Function (3) depends only on the n − 1 time variables ti, i = 2, … , n, because, for any value of ti, i = 2, … , n, the value of H0i, i = 1, … , n, is determined by
i1520-0450-41-4-357-e5
The weights wj are proportional to number of data points used to calculate the monthly mean elevations Ĥ0j and are inversely proportional to the standard deviations SDĤj of Ĥ0 with respect to Ĥ0j. The weightings in (5) are used instead of simple averaging to reduce the influence of monthly averaged values based on few data points and elevations with a large standard deviation.

If the monthly mean elevations are relatively error free, then F is concave upward and has a minimum. Hence, (3) can be solved, for example, by the method of gradients [also termed the method of steepest descent; see Ketter and Prawel (1969)]. The equation is solved iteratively starting from n = 1 and proceeding until F(n + 1) is greater than F(n). Then, if neighboring station elevations H0i are too close to each other (within 2–3 m), the number n is decreased until an optimum is found.

Results

The method was applied to radiosonde data transmitted via the global telecommunications system (GTS) from September of 1997 to October of 2000 to demonstrate the effectiveness of the method. The results show that, for the majority of radiosonde stations in the WMO catalog of aerological stations, the calculated elevations and the reported elevations HP are nearly identical. Four hundred ninety stations have a difference of less than 2 m, or
H0SH
where SH is standard deviation of monthly means Ĥ0j for the 1997–2000 period.
There are stations for which the WMO catalog elevations differ greatly from the calculated elevations (up to several hundred meters). Two hundred fifty-six stations were found to have differences greater than 2 m and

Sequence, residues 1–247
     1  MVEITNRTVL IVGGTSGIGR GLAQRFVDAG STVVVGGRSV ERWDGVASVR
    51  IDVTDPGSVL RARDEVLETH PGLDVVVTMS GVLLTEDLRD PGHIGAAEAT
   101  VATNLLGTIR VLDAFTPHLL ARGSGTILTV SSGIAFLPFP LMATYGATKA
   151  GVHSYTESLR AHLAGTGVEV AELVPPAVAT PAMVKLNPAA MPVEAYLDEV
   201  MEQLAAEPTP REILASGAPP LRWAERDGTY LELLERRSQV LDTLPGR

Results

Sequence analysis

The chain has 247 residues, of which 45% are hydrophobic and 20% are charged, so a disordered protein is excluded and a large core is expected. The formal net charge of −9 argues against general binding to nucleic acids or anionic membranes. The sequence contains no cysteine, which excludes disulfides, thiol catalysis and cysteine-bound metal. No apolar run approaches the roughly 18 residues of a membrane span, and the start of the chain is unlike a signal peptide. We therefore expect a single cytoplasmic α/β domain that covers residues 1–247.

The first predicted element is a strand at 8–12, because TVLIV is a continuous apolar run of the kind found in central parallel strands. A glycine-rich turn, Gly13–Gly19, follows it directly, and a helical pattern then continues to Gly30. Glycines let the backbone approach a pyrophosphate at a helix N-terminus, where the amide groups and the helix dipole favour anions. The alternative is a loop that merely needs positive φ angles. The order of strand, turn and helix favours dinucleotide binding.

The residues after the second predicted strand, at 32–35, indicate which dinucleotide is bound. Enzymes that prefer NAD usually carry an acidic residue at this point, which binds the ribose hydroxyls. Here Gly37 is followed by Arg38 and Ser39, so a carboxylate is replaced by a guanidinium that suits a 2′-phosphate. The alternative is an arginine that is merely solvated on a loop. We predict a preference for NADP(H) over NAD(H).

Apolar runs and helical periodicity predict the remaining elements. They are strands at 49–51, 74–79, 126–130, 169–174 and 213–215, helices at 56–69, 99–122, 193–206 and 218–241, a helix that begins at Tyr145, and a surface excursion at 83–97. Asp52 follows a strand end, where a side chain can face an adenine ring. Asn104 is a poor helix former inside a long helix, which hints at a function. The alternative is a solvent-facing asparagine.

H0SH

Table 1 lists 53 upper-air stations at which the calculated and WMO elevation differ by more than 16 m (the limit 16 m is chosen to give a reasonable table size). If the elevation changed between 1997 and 2000, only the last elevation H0i is given in the table. Undocumented station elevation changes were detected at several stations. Fig. 2 shows that in April of 2000 the elevation at Iqaluit, Northwest Territories, Canada, WMO station 71909, changed from 34 to 21.8 m. The WMO catalog and NCDC's Comprehensive Aerological Reference Dataset (CARDS) documented no such change, and it is clear the station relocated to 21.8 m. Similar, the Bermuda Naval Air Station, WMO 78016 (see Fig. 3), moved from an elevation of 4.5 to 37.5 m in July of 1999. Again, the WMO catalog and CARDS document no such change in elevation. As a final example, the Vandenberg Air Force Base WMO (72393) elevation is 121 m according to the WMO catalog. The elevation was calculated to be 99.8 m, however. CARDS station history has 100 m for most of the period of observation but contains the erroneous information that the elevation was 63 m from 1967 to 1970.

Most stations do not exhibit seasonal variations in calculated station elevations; there are exceptions, however. Figure 4 is a plot of the results for Shiraz, Iran. There is a remarkable repetition of summer peaks with departures from the weighted elevation of 15–16 m. There are two possible causes of these seasonal variations: large seasonal departures of the atmospheric temperature profile from the assumed linear profile (e.g., deep temperature inversion), and inadequate resolution in the sounding near the surface. It was found that in January the height of the first level averaged 65 m above the surface; in July the averaged height of the first level above the surface was 1314 m. This station's calculated station elevations are complex, but the calculated value of 1489. 1 m is very close to the value in the WMO catalog.

The calculated elevations for 614 CARDS stations were almost identical to both the WMO catalog and CARDS station history files (i.e., the differences are less than 2 m). In contrast, the calculated elevations at 901 stations differed by more than 2 m from the official elevation.

Figure 5 shows the calculated station elevations for Rapid City, South Dakota (WMO 72662), which is an example of an elevation change that is not documented. Analysis of the station elevation time series indicates two changes of elevation occurred from 1948 to 1999. The first station elevation change occurred in November of 1950. This change (from 982.3 to 966.2 m) is found in the CARDS history files (from 980 to 966 m). The second change (from 966.2 to 1029.1 m) occurs near November of 1995. CARDS metadata do not contain this information and the WMO catalog for July of 2000 has 965 m for the station elevation. The Federal Meteorological Handbook (NWS 1997) printed in 1997 has the station elevation as 966 m.